Ten years on since London Met's iconic Graduate Centre opened, its creator, architect Daniel Libeskind returns to London Met.
Date: 30 June 2014
Libeskind's trademark design style has attracted architecture fans across the world since the opening of the building ten years ago, and the man behind the famous creation did the same, when he gave a public lecture to a packed auditorium in the Graduate Centre on Tuesday 24th June.
The internationally celebrated architect was introduced by the CASS Dean of Architecture and Spatial Design, Prof. Robert Mull, who shared a joke about an incident during the building works when a member of public called the police to report a “building collapsing on Holloway Road”.
“It took a little explaining to convince them that it was just the design which represents the constellation of Orion”, he said.
Professor Mull also praised the Graduate Centre design, which was recently named among the top-ten most spectacular university buildings in the world, saying that it plays a huge role in the regeneration of the area.
The creator of the striking metallic building then took the stage giving a talk on his career, future plans and of course about the award-winning structure which he holds dear to his heart mentioning that it still is “one of his favorite projects”.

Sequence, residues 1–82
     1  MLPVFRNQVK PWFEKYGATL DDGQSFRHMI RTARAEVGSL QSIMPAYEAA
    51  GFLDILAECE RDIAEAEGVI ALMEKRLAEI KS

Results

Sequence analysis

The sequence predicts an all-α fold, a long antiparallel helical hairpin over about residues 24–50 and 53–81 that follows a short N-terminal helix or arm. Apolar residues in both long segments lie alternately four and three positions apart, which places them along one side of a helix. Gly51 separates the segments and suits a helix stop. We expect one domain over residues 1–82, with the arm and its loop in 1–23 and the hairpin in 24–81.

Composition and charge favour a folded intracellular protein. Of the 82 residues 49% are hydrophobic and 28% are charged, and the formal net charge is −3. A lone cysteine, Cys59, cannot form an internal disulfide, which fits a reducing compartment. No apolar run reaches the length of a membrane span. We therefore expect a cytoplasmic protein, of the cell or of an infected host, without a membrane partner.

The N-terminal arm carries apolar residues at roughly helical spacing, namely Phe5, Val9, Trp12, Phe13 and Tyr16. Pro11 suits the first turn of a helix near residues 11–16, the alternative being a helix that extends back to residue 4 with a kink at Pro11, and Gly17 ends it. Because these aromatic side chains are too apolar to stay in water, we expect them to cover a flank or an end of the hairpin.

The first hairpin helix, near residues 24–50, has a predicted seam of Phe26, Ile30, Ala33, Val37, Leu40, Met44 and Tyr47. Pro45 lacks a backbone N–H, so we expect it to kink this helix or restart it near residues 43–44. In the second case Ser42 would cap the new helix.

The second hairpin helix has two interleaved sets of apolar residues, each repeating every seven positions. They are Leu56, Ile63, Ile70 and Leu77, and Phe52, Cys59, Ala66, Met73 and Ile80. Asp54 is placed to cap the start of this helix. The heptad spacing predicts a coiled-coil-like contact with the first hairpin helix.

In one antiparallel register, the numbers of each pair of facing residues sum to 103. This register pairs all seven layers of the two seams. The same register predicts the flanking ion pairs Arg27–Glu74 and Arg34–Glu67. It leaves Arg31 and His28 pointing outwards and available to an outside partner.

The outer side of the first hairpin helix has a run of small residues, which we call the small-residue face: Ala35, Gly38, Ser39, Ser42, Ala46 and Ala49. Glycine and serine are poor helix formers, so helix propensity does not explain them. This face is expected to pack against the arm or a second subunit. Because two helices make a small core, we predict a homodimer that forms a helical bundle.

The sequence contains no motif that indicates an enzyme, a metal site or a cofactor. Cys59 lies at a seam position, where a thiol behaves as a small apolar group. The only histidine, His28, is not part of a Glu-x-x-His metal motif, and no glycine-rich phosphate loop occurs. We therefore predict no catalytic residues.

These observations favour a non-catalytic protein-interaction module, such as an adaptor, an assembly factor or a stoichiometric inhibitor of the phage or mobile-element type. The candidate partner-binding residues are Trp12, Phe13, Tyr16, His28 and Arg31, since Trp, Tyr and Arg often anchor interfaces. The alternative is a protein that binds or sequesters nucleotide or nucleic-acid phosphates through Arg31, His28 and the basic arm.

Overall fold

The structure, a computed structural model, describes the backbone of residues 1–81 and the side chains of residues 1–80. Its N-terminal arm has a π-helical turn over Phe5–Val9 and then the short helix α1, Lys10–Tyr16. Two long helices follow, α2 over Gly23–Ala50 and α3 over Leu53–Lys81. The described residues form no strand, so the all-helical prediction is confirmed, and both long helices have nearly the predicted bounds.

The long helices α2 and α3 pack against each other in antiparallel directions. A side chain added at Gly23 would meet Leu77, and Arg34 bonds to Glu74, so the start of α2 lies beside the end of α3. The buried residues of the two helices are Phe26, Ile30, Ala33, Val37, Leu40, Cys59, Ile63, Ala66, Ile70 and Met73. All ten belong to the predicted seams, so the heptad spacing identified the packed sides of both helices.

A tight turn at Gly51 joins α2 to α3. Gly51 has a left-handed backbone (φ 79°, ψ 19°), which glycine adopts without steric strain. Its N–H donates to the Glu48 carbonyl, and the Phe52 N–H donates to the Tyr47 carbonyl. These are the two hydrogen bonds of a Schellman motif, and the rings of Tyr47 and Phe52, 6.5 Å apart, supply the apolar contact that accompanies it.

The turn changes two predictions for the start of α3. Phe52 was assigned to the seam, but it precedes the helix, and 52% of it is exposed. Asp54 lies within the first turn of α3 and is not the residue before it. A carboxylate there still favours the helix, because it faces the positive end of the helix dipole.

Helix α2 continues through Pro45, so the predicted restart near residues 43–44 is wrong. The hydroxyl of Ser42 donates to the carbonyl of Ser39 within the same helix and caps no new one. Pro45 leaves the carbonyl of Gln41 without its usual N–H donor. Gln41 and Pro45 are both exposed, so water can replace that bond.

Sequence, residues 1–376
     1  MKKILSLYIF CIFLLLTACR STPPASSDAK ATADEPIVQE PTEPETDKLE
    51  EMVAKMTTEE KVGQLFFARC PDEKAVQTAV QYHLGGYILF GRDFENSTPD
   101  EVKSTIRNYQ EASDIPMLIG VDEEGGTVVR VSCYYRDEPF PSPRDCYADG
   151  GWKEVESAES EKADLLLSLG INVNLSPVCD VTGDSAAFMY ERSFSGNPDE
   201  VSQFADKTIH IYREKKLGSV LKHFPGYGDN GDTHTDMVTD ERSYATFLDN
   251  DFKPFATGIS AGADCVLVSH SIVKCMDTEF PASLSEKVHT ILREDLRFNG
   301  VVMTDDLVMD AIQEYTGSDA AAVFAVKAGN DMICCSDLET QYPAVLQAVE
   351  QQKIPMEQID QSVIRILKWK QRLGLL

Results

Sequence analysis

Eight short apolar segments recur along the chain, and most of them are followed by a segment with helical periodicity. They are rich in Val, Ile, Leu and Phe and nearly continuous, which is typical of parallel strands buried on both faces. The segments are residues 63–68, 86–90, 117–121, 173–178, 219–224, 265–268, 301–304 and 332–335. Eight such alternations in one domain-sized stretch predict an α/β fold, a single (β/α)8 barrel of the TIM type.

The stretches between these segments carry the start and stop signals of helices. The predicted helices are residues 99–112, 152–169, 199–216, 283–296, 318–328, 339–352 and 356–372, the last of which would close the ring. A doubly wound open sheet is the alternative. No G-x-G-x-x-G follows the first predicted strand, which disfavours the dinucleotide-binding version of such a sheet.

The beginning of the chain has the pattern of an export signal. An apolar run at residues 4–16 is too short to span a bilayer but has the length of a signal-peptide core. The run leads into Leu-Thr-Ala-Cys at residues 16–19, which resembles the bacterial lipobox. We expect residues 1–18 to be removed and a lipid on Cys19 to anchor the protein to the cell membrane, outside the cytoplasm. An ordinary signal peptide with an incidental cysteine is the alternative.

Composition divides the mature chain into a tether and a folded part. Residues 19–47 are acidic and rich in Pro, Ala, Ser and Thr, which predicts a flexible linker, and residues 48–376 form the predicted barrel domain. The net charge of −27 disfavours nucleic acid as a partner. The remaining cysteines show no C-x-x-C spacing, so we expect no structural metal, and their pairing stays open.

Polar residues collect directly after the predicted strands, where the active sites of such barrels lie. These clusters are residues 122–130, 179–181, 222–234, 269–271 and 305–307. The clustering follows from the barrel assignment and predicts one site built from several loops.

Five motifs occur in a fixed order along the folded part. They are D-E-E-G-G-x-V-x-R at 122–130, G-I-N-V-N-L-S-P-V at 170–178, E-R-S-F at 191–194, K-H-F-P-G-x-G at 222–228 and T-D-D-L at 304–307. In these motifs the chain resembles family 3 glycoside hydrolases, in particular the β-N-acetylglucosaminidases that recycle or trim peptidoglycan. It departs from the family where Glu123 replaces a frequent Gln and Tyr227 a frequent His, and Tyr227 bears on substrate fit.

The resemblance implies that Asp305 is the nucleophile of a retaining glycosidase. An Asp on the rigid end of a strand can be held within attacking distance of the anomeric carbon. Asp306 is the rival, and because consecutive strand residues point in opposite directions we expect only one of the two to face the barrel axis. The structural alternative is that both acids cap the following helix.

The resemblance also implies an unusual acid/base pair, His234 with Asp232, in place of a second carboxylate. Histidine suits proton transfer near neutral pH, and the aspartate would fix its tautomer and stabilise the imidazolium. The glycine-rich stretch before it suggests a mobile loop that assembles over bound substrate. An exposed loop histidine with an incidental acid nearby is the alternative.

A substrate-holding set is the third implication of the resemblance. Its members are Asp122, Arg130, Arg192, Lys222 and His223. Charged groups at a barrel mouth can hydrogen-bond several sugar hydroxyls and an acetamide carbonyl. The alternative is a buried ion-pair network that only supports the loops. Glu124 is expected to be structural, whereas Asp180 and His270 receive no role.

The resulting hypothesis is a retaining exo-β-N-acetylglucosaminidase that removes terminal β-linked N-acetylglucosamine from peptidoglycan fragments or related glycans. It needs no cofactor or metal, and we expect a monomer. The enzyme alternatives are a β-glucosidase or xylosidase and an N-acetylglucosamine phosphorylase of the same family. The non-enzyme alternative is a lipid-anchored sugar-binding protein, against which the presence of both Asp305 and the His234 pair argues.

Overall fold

“I am proud of this building. It is a delight to be back,” he said.
Libeskind said that the diversity and range of different backgrounds of the London Met community charms him and he feels close to the idea that at London Met, students are often the first of their families to go to University, as he was once the first of his family to progress into higher education.
Liebskind started his music studies in Israel and continued later in New York performing many years as a professional before finding his true passion in the world of structural design.
“People often ask if I left music to study architecture, but I never did. To me it is just another instrument and another way to express myself. Architecture fits to all of my personal interests,” he said.
Libeskind has always regarded it as important to study first and practice afterwards. “It often hardly works the other way around and it becomes hard to go back and learn,” he said during the evening.
Current London Met Architecture students were of course keen to hear his views and used the Q&A time. His final advice for them was:
“Don’t believe that what people tell you is always correct. You can still create something completely different.”
The architect is also known for designing the Jewish Museum in Berlin and his plans for the World Trade Centre site in New York.
Find out more about studying Architecture at London Met: Architecture and Interior Design (Extended degree) or Architecture BA (Hons) RIBA Part 1